43. It’s very simple: No REAL first-class meal – no buying first=class ticket. I expect value for my money, Covid or not!

  44. It’s very simple: No REAL first-class meal – no buying first-class ticket. I expect value for my money/miles, Covid or not!

  45. Ben, I think that in normal (non-Covid 19 times) I fly almost as much as you do @ 250,000 miles per year as a revenue paying passenger. I am Executive Platinum on AA mostly from miles earned on BA and Qatar (One World Partners) and platinum for life on Air France. I was actually switching on my London to JFK connecting leg from the Middle East from BA to AA last year. I thought the service on AA had improved and the food was actually quite good (compared to BA business class). I have not been on a plane since early March but am going to begin my USA to Middle East commute beginning at the first week of September (most likely twice per month). I guess that AA is no longer an option for me and I will have to take a Sky Team Flight either Air France / Delta or Saudia. Crazy how companies make strategic decisions that drive their Prime customers away.

    Let’s hope that sanity returns at some point to the American Management suite. For now I am not going to fly them in First / Business until they sort this out.

  46. @Wright
    “the food [on AA] was actually quite good (compared to BA business class)”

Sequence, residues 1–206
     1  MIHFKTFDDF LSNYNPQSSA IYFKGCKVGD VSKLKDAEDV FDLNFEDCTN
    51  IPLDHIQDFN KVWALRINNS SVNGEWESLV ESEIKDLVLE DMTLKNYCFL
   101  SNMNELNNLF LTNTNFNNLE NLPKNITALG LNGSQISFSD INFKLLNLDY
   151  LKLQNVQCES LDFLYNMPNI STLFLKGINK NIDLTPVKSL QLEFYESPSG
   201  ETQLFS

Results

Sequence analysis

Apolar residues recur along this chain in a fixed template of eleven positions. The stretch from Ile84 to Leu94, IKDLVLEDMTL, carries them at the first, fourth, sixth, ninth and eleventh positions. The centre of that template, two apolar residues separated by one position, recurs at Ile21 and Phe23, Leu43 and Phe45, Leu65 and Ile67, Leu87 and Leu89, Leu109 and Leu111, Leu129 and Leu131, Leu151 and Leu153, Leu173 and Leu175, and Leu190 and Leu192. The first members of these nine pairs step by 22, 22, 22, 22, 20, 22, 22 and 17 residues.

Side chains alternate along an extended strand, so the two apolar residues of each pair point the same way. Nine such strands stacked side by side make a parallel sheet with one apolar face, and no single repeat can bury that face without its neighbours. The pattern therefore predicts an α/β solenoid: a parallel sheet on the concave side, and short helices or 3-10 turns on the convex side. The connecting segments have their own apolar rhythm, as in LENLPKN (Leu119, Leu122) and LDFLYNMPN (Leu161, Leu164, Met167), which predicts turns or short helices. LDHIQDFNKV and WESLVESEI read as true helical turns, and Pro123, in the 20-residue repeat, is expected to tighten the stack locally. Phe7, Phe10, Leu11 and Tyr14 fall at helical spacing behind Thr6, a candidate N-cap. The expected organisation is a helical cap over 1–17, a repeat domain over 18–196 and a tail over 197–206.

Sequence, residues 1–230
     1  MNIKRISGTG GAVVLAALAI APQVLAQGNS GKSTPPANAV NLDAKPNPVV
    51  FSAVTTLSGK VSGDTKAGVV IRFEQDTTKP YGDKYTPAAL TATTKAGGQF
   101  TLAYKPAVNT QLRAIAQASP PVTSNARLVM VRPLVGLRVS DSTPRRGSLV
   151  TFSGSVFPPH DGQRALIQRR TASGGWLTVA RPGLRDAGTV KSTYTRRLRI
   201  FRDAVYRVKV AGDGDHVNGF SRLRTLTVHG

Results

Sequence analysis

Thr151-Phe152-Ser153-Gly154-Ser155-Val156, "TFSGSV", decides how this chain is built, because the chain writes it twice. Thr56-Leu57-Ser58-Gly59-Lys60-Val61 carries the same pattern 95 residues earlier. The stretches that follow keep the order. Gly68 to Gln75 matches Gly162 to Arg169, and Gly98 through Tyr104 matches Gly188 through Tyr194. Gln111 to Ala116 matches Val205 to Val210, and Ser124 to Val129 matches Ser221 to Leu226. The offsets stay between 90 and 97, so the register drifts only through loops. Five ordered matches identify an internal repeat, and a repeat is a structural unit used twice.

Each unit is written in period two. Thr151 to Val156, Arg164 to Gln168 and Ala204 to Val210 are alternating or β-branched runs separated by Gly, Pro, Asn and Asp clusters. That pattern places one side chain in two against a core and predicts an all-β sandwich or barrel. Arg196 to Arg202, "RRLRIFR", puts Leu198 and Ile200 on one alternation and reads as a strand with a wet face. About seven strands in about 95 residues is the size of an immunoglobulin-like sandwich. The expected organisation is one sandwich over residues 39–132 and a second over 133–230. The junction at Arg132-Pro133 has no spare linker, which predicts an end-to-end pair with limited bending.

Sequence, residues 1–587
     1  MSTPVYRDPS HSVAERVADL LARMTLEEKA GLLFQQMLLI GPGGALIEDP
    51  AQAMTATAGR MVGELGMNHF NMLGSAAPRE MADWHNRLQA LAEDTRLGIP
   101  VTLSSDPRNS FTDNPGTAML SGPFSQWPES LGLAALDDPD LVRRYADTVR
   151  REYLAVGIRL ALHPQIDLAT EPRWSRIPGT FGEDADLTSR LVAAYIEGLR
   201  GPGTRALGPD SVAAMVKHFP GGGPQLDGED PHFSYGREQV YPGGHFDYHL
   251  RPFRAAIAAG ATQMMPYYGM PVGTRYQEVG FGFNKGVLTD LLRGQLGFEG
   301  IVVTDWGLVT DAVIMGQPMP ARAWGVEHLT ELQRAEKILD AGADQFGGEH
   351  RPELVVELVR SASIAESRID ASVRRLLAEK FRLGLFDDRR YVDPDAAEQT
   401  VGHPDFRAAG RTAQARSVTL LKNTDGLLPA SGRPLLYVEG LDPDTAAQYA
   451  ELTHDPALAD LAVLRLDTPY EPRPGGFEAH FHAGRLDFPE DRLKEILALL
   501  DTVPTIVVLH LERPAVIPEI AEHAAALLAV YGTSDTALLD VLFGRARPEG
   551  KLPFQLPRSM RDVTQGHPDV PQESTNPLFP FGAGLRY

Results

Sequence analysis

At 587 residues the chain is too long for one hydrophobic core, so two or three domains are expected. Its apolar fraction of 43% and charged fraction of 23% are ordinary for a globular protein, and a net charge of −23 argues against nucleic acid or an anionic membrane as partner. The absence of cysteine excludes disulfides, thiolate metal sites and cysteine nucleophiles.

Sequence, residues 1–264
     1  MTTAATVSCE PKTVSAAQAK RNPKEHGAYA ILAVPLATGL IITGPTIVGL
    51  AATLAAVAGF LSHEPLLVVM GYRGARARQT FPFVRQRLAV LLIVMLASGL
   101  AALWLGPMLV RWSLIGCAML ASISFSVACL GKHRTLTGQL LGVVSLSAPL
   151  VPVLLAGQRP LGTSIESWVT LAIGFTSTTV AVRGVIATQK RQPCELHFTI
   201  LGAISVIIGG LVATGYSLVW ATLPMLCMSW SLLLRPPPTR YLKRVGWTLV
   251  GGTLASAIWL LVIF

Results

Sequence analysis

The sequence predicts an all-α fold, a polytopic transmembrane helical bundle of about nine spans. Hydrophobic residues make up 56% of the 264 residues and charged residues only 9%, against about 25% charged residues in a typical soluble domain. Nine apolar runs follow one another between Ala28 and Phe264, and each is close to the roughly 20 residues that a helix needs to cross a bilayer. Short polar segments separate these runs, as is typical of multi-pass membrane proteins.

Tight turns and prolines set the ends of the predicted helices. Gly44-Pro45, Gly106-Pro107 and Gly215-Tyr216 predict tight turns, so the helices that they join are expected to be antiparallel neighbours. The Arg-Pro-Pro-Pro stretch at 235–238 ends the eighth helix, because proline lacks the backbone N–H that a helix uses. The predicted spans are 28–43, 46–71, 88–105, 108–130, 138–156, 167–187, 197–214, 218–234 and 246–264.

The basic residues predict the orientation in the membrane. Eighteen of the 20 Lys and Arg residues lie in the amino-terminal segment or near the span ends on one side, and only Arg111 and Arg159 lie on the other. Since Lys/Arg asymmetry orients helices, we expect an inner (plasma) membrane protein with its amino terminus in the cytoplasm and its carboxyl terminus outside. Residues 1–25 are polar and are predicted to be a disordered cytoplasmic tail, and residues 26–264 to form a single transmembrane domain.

BA’s business class food (on most LHR routes) is now Do&Co, and is very decent — certainly better than AA’s sometimes bizarre offerings.

  47. I am a leisure traveller and thus the holiday begins at the boarding ramp. Thus the seat and the food/wine service is a huge factor in any long-haul.

    In the 70’s we had a flight from Barbados (GTA) to Vancouver (YVR) on American that took 16 hours and had NO FOOD in economy for the entire flight and no stopover long enough to buy food. Our young children and ourselves were not impressed and this immediately became a criterion of choice.

    No decent grub in J means no me in a seat.

  48. I flew Swiss Air Business class from Hong Kong to Zurich on 21st June 2020. They had a preorder menu for dinner and breakfast . For dinner we ticked the box for the starter and main course and desert that we wanted . Three choices of each ,which were served in the normal way on a nice tray with proper cutlery and napkins and with the usual Swiss efficiency . Excellent Swiss and French wines and chocolates to finish.
    We also ticked a box for various breakfast items , fruit/cereal/tea/coffee/omlete/cold cuts/cheese/bread rolls/croissants /jams etc. All served together on one tray at the time we asked on the preorder menu. It seems airlines can adapt with efficiency and quality food .
    That first class meal on AA is disgusting .

  49. Most of you don’t buy first class anyway but are just commenting for the sake of it. I buy First and this doesn’t matter to me.

  50. For those of you who are saying Delta has better service, currently Delta only serves a snack box